As you expand economic activities in Colombia, how is LAN working in terms of partnerships with tour operators and public administrations?

We have an alliance with ProExport and Marca Paí­s here in Colombia. These are two institutions we closely and regularly work with in order to increase the number of visitors to Colombia. For example, LAN operates in 150 countries and we have an initiative with those two organizations to bring around 100 international tour operators to Colombia, where we travel with them for an entire week. This is how we try to sell the country abroad in order to increase tourism figures. We do this once a year.

How do LAN’s passengers benefit from the company joining the oneworld Alliance?

That was a move we implemented in 2013 that gives our passenger greater connectivity. We travel to over 150 destinations, and thanks to oneworld our passengers can now reach more than twice that number. On top of that, there are other additional benefits such as VIP areas around the world, exclusive services, redeem miles, and so on. For us, being part of the oneworld Alliance is a massive plus in terms of increased passenger numbers, alliances, and strategic partnership in order to offer more comprehensive and better services to passengers. And also it has already had an impact on our income—I would say that thanks to LAN joining this alliance we had a 4% boost in our income, more or less. It is a win-win situation for us, our passengers, and the rest of partners in the alliance.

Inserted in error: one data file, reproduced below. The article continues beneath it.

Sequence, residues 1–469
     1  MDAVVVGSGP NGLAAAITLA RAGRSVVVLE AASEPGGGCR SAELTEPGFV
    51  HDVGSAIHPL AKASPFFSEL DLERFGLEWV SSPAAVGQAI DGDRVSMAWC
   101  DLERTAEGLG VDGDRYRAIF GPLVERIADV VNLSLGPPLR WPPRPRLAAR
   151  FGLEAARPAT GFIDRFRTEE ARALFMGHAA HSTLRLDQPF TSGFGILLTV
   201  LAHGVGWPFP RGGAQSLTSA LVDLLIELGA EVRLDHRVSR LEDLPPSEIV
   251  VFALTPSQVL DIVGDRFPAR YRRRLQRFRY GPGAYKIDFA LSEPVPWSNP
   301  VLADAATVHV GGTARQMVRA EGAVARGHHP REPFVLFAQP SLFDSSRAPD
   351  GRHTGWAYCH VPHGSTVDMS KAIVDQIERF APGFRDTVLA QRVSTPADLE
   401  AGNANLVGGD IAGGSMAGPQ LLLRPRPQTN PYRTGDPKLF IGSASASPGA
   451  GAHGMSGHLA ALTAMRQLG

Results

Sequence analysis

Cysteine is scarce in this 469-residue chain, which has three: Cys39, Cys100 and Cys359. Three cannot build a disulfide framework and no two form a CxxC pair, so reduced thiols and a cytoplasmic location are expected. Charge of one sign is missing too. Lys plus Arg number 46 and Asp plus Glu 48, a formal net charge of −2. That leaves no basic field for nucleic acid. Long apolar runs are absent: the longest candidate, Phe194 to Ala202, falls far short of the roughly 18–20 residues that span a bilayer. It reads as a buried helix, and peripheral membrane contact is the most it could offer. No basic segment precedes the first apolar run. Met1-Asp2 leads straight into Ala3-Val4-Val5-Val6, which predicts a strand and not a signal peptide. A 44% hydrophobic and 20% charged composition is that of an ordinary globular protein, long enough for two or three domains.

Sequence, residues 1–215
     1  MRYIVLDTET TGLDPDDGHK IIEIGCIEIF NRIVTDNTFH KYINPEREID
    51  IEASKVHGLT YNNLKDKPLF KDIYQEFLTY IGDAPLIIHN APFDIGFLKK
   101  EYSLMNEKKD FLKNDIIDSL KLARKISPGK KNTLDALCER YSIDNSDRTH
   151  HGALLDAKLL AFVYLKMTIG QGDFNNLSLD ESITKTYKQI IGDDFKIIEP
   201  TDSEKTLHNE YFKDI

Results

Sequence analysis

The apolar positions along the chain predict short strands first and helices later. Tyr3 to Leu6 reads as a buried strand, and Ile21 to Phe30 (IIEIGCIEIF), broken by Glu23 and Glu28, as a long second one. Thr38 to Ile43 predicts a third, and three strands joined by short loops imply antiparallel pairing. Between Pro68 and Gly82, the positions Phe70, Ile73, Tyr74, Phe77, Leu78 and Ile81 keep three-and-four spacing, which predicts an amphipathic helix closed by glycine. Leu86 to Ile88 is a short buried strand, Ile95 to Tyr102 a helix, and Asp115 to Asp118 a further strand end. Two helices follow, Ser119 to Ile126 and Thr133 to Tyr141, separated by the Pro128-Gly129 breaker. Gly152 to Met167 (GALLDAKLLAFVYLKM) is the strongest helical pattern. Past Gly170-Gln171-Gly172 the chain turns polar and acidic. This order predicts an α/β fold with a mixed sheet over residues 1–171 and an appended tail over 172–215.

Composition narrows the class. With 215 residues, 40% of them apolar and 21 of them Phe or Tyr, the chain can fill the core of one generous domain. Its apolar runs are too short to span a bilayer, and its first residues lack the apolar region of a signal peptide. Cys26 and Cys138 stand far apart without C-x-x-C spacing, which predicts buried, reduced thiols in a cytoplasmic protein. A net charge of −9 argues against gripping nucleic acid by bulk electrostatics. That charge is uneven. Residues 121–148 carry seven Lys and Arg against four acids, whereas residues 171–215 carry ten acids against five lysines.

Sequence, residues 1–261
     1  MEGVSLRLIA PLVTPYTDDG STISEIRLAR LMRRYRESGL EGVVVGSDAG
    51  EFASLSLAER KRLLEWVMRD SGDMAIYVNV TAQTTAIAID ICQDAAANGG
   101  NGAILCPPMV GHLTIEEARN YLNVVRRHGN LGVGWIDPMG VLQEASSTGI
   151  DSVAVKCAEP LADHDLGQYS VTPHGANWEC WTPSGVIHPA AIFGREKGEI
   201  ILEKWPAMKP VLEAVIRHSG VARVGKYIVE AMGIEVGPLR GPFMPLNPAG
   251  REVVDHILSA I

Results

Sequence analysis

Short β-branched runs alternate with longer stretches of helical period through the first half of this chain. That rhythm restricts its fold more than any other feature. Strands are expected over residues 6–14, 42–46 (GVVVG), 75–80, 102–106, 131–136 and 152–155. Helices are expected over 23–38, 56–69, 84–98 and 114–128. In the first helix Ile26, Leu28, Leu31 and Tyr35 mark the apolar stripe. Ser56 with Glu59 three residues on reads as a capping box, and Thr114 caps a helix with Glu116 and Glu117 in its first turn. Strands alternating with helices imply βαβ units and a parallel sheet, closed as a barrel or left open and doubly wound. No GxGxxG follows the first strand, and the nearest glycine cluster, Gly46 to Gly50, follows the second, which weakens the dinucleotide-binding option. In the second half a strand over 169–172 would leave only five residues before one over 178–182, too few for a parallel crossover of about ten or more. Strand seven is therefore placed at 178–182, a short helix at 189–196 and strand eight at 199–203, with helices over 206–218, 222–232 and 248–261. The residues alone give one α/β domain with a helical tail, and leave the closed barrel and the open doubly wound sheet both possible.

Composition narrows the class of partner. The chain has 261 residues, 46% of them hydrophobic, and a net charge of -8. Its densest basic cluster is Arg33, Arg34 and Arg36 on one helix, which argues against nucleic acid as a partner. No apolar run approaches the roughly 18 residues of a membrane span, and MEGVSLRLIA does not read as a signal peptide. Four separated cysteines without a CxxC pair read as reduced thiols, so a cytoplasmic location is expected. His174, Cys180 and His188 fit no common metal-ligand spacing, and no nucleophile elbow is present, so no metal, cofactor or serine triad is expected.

What are the main business lines LAN Colombia invests in at the moment?

Facilities, equipment, and technology are our three main investment focuses. For example, over the past few years we have renovated our entire fleet, as a result of which LAN today operates one of the youngest fleets in Colombia. We completed the entire fleet renovation as recently as March 2014. We have invested over $1 billion since we arrived in Colombia, 70% of which has been in our fleet, and the remaining 30% in infrastructure and technology.

Who are your main competitors?

Despite what many think, VivaColombia is not our competitor because it works to a completely different business model. We are not a local carrier, but to an extent we target the same audience as Avianca and Copa. Over the past few years, competition has increased, but the challenges that presents foster more robust company development. One of our main competitive advantages is our prices. We also have a well-structured business model that differentiates us from the competition; we do not offer business class within Colombia as Avianca does, for example, as it is not as profitable as many might think. That service is reserved for our international flights only, and we try to get the maximum number of average passengers within our planes. Finally, punctual flights are another of our main competitive advantages, and we have back-up planes to keep our passengers moving as scheduled.